Thursday, October 6, 2016

To really understand QM better you need to understand Samkhya

Traditionalists like Dayananda reject anything scientific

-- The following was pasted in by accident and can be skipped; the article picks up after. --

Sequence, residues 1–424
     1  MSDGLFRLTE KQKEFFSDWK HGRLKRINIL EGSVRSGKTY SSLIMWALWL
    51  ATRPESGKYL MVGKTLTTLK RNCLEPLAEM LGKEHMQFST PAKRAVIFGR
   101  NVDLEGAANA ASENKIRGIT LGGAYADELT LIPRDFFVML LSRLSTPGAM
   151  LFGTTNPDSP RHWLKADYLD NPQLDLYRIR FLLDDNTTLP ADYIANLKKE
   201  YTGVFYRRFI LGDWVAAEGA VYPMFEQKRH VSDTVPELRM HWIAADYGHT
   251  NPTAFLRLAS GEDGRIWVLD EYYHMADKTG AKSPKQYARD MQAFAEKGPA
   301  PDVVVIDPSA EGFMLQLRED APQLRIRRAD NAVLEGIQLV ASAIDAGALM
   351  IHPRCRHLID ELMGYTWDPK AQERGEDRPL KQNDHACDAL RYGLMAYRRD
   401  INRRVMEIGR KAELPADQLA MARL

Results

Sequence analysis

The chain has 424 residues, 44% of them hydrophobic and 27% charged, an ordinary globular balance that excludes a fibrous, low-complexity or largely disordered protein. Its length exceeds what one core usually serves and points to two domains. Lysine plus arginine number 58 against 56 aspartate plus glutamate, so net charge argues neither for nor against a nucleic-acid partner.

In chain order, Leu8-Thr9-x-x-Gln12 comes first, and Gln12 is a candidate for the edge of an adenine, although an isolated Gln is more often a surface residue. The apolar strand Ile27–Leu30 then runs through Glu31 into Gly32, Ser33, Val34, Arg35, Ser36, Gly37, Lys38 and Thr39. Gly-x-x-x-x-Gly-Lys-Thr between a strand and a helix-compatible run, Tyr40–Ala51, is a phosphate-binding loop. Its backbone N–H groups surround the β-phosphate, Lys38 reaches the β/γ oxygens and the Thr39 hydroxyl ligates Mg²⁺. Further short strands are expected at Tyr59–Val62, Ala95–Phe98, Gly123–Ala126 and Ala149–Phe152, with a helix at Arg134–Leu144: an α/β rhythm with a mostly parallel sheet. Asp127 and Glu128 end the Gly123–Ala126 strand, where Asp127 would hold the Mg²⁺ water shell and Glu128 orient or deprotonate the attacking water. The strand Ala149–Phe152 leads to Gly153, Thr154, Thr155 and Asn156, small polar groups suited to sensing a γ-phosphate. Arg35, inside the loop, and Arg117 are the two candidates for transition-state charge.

Just a few more points in a separate post to cut down the length of the posts. James Randi and Uri Geller: Uri Geller has become a sort of strawman to knock Parapsychology, so I am not surprised a skeptical article would mention Uri Geller. Geller was just an obscure unknown Israeli man that became famous after he got involved in the SRI progam for psychic abilities, apparently he was one of the most psychic people living in the world. After the program ended, this prior obscure entity became famous and in order to maintain his fame he started doing TV tours on various programs. The videos of the SRI studies with Geller are available on youtube and the experiments he conducted apparently underwent rigorous trials by Harg and Putroff. After the program ended Geller in order to maintain his fame started of his TV psychic career. Although not proven, Geller allegedly was found cheating and this cast huge doubts on the original SRI program. In fact, he was never actually found cheating, but his credibility certainly came into question. At most his so-called abilities became dubious when he seemed to be unable to perform in certain conditions, such as when he was provided fresh spoons(not his own) to bend and he could not perform. Another obscure stage performer, a magician James Randi became his arch nemesis and set out on a crusade against him becoming his own claim to fame. Geller did his TV tours as a psychic and Randi as a skeptic. Apparently, they were slugging it out constantly in legal battles.